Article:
Deflation of Demand

We’re all checking our costs.

My mother will be 80 years old next year and she is still as sharp as a butcher’s knife. Her father, my grandfather, was a policeman in the City of London and, during World War 2, stopped Winston Churchill’s car on London Bridge in the midst of a blackout because its headlights were on (a story for another time). Born in 1943, my mother’s generation was raised with an acute awareness of the fragilities of life. Because of that, an inner discipline pervades. Not trusting “this new-fangled internet banking stuff,” to this day, once a month, she sits down and writes out (by hand) a balance sheet of the household outgoings and incomings. She knows exactly, to the penny, what’s being spent. (Take care of the pennies and the pounds take care of themselves, is an old Scots maxim).

This is something we’re all thinking of doing now. With rampant consumer price inflation, the day-to-day cost of living for the vast majority of people is the over-riding issue at this juncture. Petrol (gas) prices, especially, are fast becoming the focus of everything.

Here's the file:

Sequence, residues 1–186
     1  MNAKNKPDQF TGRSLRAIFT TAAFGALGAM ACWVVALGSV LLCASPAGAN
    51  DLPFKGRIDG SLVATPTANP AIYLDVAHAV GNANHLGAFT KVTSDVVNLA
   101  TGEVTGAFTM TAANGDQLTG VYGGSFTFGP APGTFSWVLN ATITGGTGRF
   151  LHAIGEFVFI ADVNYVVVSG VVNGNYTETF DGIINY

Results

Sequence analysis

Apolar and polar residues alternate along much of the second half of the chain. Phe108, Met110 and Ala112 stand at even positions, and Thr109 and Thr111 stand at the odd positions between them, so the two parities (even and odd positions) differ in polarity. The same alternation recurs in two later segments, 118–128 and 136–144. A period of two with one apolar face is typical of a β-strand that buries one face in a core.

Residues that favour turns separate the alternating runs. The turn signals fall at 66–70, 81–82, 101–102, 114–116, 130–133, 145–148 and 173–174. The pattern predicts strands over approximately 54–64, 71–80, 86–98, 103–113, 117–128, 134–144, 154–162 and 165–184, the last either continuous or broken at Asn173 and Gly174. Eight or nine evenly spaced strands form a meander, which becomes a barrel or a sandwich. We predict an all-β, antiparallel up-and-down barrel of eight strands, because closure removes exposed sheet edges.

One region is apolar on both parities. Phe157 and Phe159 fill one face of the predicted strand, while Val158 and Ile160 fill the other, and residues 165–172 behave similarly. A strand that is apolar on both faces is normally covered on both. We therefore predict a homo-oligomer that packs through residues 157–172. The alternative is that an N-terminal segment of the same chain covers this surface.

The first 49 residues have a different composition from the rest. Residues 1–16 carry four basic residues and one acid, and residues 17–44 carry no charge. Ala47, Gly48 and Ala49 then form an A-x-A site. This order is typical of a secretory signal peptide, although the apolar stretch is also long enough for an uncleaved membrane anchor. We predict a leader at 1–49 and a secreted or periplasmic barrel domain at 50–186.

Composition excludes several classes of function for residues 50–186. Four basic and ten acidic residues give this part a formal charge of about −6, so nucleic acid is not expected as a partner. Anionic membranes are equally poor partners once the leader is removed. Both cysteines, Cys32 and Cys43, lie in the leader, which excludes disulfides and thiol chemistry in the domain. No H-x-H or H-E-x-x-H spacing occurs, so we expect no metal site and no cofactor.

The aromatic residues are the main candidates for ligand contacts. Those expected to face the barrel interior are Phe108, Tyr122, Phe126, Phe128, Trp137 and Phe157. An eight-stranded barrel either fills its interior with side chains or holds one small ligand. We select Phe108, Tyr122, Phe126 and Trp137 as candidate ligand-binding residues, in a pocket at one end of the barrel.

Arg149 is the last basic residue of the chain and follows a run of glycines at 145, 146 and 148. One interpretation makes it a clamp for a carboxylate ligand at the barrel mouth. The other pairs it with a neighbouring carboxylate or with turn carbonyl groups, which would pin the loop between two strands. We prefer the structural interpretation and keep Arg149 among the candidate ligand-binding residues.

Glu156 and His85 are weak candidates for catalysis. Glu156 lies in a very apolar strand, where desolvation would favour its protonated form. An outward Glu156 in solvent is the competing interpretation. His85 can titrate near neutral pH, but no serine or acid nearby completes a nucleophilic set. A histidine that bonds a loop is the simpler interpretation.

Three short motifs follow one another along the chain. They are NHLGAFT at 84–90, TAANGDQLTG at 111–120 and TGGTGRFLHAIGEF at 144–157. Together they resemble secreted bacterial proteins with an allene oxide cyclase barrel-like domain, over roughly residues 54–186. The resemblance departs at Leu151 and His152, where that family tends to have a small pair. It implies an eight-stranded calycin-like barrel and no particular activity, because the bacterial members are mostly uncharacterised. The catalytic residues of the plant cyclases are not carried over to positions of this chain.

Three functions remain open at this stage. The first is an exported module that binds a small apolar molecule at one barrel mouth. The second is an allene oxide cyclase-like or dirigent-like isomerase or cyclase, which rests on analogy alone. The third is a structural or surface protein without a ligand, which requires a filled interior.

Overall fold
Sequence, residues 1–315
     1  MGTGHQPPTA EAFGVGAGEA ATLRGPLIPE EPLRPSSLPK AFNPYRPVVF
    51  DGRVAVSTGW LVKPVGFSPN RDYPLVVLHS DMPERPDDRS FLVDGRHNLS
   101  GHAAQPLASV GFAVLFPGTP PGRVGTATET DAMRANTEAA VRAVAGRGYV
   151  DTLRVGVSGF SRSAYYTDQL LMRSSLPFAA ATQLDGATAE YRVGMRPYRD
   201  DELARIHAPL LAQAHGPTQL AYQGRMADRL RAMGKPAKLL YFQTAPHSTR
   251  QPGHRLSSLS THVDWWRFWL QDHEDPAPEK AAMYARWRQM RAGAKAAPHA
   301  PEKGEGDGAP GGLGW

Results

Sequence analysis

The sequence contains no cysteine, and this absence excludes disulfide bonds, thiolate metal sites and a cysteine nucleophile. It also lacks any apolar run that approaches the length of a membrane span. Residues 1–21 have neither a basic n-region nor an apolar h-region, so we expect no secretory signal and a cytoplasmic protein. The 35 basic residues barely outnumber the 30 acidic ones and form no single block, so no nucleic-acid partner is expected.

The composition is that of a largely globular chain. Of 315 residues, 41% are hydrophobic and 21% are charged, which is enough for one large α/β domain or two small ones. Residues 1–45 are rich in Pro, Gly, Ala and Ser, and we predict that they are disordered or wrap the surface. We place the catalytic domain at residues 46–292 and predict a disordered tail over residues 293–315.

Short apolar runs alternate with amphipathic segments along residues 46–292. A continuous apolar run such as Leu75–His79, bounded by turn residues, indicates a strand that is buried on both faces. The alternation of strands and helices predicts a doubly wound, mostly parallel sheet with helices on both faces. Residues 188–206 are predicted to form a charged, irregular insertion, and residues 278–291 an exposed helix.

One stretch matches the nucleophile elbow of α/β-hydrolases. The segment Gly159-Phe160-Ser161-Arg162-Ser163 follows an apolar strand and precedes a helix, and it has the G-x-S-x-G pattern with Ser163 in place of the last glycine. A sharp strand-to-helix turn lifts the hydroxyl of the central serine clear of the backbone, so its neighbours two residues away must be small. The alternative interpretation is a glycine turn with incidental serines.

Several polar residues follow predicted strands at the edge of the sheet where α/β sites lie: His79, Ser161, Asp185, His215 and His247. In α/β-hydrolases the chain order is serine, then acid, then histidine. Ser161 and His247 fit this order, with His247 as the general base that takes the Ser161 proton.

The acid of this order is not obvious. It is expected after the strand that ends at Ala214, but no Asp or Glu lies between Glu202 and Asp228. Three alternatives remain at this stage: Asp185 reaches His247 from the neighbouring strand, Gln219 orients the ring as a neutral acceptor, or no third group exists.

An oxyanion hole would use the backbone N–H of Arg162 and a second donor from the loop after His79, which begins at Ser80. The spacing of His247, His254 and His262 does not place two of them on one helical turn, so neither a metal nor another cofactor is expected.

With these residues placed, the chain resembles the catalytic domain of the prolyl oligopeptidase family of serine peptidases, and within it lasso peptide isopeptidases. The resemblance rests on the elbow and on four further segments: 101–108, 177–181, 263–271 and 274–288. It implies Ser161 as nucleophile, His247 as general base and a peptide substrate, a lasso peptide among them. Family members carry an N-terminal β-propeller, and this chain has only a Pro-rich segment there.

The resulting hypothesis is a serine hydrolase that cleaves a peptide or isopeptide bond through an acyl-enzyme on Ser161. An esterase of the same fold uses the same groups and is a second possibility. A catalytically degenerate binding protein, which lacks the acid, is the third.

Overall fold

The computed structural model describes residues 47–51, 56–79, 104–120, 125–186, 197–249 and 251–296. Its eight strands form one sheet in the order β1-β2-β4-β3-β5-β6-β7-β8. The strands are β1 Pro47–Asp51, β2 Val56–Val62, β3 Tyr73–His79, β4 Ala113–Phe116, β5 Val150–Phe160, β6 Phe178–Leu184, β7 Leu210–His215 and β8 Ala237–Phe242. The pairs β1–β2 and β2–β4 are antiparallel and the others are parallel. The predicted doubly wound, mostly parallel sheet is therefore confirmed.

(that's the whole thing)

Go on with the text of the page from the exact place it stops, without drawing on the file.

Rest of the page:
Are you re-considering a driving trip? Are you trying to cut down on how much you use your car? I know I am.

People say that spikes in crude oil prices, because they deflate consumer demand, precede economic recessions. There’s some truth in that but it’s not infallible. What is clear though, regardless of what drives what (you know our opinion), as the chart below shows, is that the two periods in history since World War 2 when crude oil has trended higher have been associated with a bear market in stocks or instability eventually manifesting in a crash.

Don’t expect this time to be any different.